In my recent interview with author, Liz Adair, I said that HAWKINS LANE began with the image I woke with, one morning, of a child in a wooded lane sensing that the trees had taken everything up into their boughs, leaving the lane untouched.
Images are not stories, but they raise a host of unanswered questions. Who is the child? Where? What had the trees swept up? Where is her family? My writers’ friends who struggled through early drafts know that the story once started with those questions. I named the child Bonnie and felt her aloneness. Her father, a forest ranger, has refused to take her along on his tour of the upland camps; her once-upon-a-time loving mother is no more. She has changed radically. The child has seen something in the lane that has terrified her and she runs away. What?
It’s not so unusual to begin a story with a final scene, but I always assumed the author who made such a decision already knew the answer to that question. I didn’t. Nor did I know the father and mother or how the family came to this. I had an isolated family in the mountains—the Cascades—and a husband and wife to whom something tragic had happened, terrifying the child.
As soon as I began to create Ned, I recognized him. I don’t, and won’t, analyze why that is, for I’ve learned such analysis can tie Ned to some real person in my past and chain the story. He is who he is, no one else. He’s part of an isolated mountain family and he is haunted by its past—a murder’s son. He’s a fatalist, resigned to his fate. Until he meets a woman on a mountain stream.
Now I know it’s a love story. As I create Erica, and again, I know her, I know Ned will reject her as inaccessible to his social class. He’s not for her. But it’s clear they both love the mountains, and the mountains become the unifying theme—their overwhelming presence not only shapes their lives, but gives perspective to their trials.
Now the story has legs and moves without me. The characters have enough substance to come alive and act. The creation of secondary characters is just plain fun. I love them. They seem to bounce into existence full blown, language and all, carrying histories. I think they come so easily because they don’t carry the responsibility for the story and no one asks whether they are autobiographical. They are free spirits.
The story of the child has now been left behind, and early efforts to keep it as a prologue didn’t work. The story isn’t the child’s now; it’s her parents, but the questions remain. What happened in the lane and how did Ned and Erica come to the point where their child runs away in terror?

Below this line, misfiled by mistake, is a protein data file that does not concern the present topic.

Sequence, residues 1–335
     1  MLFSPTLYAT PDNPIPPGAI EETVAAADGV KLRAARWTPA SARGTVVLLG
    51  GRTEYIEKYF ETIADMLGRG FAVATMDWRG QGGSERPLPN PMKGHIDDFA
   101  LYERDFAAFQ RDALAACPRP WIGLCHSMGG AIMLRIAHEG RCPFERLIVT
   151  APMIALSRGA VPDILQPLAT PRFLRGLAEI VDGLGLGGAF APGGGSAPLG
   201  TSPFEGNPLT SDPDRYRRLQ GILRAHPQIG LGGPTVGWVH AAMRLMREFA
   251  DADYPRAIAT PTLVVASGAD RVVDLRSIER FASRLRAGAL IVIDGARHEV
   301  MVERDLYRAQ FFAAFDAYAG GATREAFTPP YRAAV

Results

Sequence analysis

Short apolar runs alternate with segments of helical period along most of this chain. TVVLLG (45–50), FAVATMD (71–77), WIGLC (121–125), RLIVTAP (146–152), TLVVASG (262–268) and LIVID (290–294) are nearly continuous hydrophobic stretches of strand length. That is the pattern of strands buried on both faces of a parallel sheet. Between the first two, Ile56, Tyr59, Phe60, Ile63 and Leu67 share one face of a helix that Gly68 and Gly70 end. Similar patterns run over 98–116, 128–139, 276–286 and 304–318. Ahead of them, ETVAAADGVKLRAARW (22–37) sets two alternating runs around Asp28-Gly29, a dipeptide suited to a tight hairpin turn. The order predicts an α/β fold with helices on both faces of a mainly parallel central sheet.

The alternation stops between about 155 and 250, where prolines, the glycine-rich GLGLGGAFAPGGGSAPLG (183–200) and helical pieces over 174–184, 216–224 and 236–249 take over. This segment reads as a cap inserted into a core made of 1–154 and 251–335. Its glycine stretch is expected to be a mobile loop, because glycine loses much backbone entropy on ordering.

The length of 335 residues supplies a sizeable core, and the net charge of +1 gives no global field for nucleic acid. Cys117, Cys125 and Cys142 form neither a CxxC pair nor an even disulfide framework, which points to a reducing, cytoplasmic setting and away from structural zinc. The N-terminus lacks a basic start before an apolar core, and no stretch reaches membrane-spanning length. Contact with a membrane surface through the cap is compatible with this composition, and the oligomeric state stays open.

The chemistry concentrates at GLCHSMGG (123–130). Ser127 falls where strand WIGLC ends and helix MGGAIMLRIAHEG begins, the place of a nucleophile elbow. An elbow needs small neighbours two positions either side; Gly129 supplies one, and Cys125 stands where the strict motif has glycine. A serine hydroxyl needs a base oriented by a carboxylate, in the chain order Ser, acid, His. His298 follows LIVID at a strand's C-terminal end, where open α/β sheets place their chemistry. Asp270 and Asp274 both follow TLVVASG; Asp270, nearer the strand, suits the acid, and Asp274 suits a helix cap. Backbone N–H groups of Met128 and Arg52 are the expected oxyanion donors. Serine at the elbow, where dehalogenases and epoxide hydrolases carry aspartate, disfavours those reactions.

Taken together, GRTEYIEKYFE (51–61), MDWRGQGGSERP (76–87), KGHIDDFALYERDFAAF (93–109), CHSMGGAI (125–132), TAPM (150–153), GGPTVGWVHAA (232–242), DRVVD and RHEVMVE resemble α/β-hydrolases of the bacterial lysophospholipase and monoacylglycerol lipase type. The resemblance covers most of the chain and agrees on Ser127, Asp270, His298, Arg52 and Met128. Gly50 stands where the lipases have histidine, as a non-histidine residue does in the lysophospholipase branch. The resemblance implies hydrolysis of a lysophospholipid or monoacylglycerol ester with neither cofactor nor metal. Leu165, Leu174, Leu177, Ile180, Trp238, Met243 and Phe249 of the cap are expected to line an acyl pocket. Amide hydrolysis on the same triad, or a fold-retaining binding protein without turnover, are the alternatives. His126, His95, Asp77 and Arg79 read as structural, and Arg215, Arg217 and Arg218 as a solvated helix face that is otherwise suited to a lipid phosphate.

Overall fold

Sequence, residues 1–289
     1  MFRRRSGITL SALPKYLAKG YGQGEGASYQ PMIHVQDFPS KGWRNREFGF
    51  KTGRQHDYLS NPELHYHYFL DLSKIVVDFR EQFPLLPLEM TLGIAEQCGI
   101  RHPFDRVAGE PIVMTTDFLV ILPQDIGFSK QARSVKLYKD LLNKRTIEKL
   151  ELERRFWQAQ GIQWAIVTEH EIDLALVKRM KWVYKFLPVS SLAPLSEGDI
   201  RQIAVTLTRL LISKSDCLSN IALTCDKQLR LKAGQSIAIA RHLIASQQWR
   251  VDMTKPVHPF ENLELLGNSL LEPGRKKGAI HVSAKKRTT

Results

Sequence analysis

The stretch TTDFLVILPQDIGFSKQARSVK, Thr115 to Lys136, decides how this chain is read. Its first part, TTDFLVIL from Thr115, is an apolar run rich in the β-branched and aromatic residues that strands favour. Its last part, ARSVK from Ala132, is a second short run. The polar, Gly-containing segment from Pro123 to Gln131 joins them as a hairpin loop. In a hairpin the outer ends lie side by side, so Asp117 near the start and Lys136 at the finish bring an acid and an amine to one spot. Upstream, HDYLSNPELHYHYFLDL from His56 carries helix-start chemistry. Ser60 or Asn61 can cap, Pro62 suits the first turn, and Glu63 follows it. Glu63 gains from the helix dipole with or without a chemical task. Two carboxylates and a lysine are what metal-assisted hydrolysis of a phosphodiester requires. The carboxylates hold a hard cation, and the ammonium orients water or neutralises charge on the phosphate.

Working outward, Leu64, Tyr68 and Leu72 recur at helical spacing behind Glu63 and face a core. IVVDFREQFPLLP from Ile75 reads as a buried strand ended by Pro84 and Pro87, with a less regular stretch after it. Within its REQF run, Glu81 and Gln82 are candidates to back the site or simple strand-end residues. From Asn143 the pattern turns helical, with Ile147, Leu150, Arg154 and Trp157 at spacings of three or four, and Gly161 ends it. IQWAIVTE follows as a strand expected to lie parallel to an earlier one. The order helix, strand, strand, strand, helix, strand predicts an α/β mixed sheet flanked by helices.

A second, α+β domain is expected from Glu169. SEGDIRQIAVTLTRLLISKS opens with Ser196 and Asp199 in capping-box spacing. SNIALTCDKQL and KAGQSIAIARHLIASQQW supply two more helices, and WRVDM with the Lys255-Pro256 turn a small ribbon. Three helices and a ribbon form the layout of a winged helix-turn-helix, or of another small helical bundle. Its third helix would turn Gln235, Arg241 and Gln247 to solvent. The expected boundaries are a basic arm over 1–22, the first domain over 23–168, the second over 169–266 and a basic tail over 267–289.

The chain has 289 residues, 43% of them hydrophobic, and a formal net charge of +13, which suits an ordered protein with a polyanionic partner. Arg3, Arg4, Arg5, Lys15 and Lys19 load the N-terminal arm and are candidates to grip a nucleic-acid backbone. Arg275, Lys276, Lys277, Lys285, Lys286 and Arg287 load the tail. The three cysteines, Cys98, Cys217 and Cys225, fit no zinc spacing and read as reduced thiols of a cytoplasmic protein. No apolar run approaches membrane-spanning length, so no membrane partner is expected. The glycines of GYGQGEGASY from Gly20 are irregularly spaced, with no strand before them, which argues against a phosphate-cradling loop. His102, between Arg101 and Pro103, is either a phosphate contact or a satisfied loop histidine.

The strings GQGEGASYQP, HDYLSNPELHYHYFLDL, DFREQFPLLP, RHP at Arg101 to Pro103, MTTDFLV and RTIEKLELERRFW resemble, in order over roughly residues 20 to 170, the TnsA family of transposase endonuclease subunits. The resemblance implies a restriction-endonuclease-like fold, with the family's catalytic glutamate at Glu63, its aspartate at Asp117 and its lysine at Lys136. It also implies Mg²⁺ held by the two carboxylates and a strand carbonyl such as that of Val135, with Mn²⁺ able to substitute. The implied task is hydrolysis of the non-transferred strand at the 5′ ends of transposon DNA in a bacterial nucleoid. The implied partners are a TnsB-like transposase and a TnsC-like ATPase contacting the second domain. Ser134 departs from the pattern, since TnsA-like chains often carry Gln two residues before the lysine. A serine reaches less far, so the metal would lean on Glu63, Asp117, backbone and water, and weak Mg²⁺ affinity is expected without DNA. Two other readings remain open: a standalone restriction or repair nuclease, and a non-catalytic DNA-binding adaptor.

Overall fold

So it is a love headed for trouble. Theirs is a deep love and their love of the mountains gives it purpose. They rescue each other, and their sense of owing their lives to each other is both the beauty and the hazard, for their fear of losing each other triggers Ned’s sense of inevitable doom and Erica’s rebellion—traits born of their pasts. Both of them begin to react in ways I know spell trouble. In Erica’s case, I stopped writing for a week or so because I wanted to stop her and knew doing so would collapse the story. An author may interfere—a cardinal rule of storytelling. So I didn’t return to the book until I could let her do what she was going to do, and it led to situations I did not plan and didn’t know how she would emerge. She had to work herself out of them.
And so we arrive at the mother much changed, the frightened child, and the father who took off without her for the upper camps. How the characters arrived there without my direction is a mystery; in some way that initial destination held, drawing them toward it. Perhaps those original images have a greater power than we know. The story could have wandered off somewhere else. It didn’t, and the fact that it was faithful to that image gives a jolt of satisfaction. My first writing coach argued that a good story will hold up under revision, and I suspect that initial image gives a form that holds. For I assure you, this story has had more than its share of revising.
As my critique group will attest, I changed the order of the telling over and over then finally, still dissatisfied, I put it on the back burner while I worked on Home Fires. When I returned to it I went back to the order of the first draft, settling for an opening that was slower than i liked. Still frustrated, I described my problem to writer friend, Patricia Bloom, who instantly provided me with the opening. The message? The creation of story is a very personal act, but its completion depends on others–thank heavens for writer and reader friends.
For the answer to that initial question—what happened in the lane—you’ll have to read the book.